Presentation on theme: "Markets Chapter 9 On November 30, 1999, the World Trade Organization met in Seattle to launch a new round of free-trade negotiations to bring in the new."— Presentation transcript:
Markets Chapter 9 On November 30, 1999, the World Trade Organization met in Seattle to launch a new round of free-trade negotiations to bring in the new millennium. Massive protests rocked the streets outside the Washington State Convention and Trade Center. It was the largest demonstration ever against an organization dedicated to globalization and trade in U.S. history. It came to be known as the “Battle of Seattle.” Afterwards, the Seattle police chief said the protesters had won. He resigned.
Is Free Trade the Answer? Source: Artizans Art Works Source: Photovalet.com
Trade Is Especially Important for Smaller Countries
The Case for Trade Opens up vast markets for products produced in low and middle income countries – Growing low-skilled employment – Reducing poverty Gives firms, consumers access to huge diversity of goods, quality, and prices not available from domestic firms Gives everyone access to new technologies, raising productivity and incomes "We want NAFTA because we want to export goods, not people." – Mexico’s President Salinas, in calling for a North American Free Trade Agreement (NAFTA)
The Case Against It There are winners and losers In theory the winners could compensate the losers, making everyone better off, but… In practice that doesn’t happen enough Global production shifts to countries that have a comparative advantage in producing a given good or service – Labor intensive to Asia, Africa, Latin America – Capital intensive to OECD countries – Rich countries have comparative advantage in human capital-intensive activities (like R&D) – Lots of exceptions (like Bangalore)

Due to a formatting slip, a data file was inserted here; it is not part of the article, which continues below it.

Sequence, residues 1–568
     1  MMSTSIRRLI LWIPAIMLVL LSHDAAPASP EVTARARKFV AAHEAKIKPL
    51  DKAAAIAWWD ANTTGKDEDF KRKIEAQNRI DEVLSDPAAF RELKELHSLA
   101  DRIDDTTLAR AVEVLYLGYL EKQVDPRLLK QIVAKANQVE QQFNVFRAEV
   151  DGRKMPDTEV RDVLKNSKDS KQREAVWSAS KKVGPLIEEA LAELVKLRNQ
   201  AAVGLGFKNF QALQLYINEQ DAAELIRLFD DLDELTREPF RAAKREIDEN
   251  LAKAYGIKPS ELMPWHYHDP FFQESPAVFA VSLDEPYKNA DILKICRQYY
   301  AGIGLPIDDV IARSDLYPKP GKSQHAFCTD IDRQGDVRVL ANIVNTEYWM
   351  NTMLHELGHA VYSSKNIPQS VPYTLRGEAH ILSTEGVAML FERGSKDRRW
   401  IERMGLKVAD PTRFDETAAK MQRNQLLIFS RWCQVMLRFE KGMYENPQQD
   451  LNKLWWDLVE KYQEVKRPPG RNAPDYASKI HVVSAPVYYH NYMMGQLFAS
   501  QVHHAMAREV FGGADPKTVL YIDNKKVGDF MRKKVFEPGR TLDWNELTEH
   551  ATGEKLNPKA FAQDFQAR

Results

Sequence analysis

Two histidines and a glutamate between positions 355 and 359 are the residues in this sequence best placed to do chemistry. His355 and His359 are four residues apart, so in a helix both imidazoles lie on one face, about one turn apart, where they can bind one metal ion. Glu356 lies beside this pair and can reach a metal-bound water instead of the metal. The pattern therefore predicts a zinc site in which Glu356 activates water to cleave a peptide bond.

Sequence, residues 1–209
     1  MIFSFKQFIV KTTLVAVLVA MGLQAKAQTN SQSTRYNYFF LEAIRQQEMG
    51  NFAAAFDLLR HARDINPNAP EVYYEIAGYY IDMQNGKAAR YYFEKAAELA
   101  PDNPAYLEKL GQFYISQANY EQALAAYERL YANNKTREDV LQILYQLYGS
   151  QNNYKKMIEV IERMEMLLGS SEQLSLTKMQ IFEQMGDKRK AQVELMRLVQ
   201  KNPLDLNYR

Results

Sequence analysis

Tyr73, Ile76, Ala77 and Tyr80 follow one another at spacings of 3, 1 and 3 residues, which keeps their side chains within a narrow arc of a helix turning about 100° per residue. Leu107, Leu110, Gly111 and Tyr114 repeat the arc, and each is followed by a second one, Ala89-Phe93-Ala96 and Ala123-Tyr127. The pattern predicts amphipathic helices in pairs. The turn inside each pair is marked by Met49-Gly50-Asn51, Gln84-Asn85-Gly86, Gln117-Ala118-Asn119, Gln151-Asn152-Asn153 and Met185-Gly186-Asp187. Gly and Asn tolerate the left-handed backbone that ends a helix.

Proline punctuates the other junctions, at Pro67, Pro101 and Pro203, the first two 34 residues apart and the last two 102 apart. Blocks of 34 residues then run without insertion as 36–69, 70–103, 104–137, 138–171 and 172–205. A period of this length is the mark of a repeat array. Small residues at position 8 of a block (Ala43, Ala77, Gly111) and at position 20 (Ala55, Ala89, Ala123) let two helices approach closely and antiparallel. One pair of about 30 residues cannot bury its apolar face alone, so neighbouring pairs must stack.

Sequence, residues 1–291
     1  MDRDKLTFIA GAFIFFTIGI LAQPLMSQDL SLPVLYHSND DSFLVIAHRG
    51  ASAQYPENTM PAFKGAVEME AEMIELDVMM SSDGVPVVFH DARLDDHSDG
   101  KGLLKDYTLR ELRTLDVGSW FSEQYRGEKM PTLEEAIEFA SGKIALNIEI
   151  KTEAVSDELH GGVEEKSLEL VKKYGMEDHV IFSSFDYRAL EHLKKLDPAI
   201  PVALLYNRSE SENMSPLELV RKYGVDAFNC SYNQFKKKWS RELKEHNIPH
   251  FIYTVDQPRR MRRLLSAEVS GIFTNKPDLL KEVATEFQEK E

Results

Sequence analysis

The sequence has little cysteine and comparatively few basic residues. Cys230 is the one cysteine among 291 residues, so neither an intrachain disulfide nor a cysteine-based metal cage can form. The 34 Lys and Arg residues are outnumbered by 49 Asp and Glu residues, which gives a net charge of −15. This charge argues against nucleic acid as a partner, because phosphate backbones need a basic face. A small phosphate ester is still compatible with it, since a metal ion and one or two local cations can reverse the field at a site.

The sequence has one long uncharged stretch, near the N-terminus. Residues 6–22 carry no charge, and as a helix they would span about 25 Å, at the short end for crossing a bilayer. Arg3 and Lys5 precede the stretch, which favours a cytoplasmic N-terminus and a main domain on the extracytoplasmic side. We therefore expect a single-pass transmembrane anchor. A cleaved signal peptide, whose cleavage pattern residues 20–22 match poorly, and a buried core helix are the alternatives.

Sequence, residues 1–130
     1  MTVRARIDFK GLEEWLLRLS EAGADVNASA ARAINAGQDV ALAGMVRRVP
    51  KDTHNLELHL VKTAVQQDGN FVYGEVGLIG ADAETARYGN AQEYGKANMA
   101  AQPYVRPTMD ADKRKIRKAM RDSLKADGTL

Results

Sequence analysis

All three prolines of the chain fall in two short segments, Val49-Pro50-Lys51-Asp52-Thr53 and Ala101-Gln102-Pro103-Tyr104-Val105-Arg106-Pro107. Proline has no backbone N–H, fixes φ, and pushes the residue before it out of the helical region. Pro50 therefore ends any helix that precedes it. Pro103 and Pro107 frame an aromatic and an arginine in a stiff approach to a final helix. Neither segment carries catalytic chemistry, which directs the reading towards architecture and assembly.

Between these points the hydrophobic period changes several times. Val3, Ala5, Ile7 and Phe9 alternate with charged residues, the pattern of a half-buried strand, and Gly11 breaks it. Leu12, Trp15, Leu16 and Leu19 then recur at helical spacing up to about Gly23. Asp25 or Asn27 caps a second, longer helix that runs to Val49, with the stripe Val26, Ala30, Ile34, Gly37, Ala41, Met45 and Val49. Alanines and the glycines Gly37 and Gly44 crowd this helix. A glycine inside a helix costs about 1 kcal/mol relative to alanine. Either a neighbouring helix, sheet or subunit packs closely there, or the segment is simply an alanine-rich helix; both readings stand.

Ricardian Basics In Country A, each unit of cloth costs 100 Suppose by trading with Country B it can “buy” one unit of wine with one unit of cloth – So through trade it can get a unit of wine for 100 (< 110) Country B can get a unit of cloth for 80 (< 90) by producing wine and exporting it Trade is optimal even though Country A has an absolute disadvantage in both cloth and wine – A has a comparative advantage in cloth; B has a comparative advantage in wine CountryUnit labor costs ClothWine A100110 B9080
Welfare Basics: Producer Surplus Producer surplus is given by the area between price and the supply curve – Our measure of producer welfare
Welfare Basics: Consumer Surplus Consumer surplus is given by the area between the demand curve and price – Our measure of consumer welfare
Price Discovery The intersection of supply and demand give the equilibrium price and quantity for a nontradable in the economy (nation, region, household) Everything in Z S and Z D is reflected in the price (see boxes: “All in One Price” and “Estimating the Shadow Price of Corn”)
Trade “Decouples” Local Supply from Demand for Tradables At world price p w, the economy supplies Q S and demands Q D The difference, M, is imports Producers lose “Producer Surplus” (A) …but consumers gain more (“Consumer Surplus” = A+B) AB
A High Import Tariff Can Drive the Country into Autarky Import tariff: t im per unit …So consumers would have to pay p w (1+ t im ) for imports They’re better off paying the autarkic price, p e The tradable becomes a non-tradable, i.e., it is no longer traded with the rest of the world
Tariffs Create a “Deadweight Loss” The lost consumer surplus is (a+b+c+d) The government gets the tax (c) The gain in producer surplus is (a) What happened to (b+d)? – It’s the efficiency cost of the tariff, or deadweight loss Without the tariff everyone could be better off!
On Globalization “This has created many new opportunities, but also new questions regarding the roles, functions and core capacities of the various key players. Deep-rooted principles and paradigms have been cut down in a short period. It is sometimes like mixing an Italian basketball team with Nigerian soccer players, and trying to play in a volleyball tournament. The new situation raises many questions about how the game is played, and who are the winners and losers.” (KIT, 2006)